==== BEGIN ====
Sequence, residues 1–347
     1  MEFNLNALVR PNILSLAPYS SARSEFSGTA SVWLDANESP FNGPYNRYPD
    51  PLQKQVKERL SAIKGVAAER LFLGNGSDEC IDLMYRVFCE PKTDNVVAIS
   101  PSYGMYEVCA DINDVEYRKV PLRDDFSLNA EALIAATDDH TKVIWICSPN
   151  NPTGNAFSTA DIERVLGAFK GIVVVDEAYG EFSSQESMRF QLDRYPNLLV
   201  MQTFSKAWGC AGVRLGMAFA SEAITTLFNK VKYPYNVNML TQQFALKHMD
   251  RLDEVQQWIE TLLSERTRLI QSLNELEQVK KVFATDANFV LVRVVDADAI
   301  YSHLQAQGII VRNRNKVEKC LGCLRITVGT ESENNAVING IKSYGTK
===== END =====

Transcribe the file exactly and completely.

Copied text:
Sequence, residues 1–347
     1  MEFNLNALVR PNILSLAPYS SARSEFSGTA SVWLDANESP FNGPYNRYPD
    51  PLQKQVKERL SAIKGVAAER LFLGNGSDEC IDLMYRVFCE PKTDNVVAIS
   101  PSYGMYEVCA DINDVEYRKV PLRDDFSLNA EALIAATDDH TKVIWICSPN
   151  NPTGNAFSTA DIERVLGAFK GIVVVDEAYG EFSSQESMRF QLDRYPNLLV
   201  MQTFSKAWGC AGVRLGMAFA SEAITTLFNK VKYPYNVNML TQQFALKHMD
   251  RLDEVQQWIE TLLSERTRLI QSLNELEQVK KVFATDANFV LVRVVDADAI
   301  YSHLQAQGII VRNRNKVEKC LGCLRITVGT ESENNAVING IKSYGTK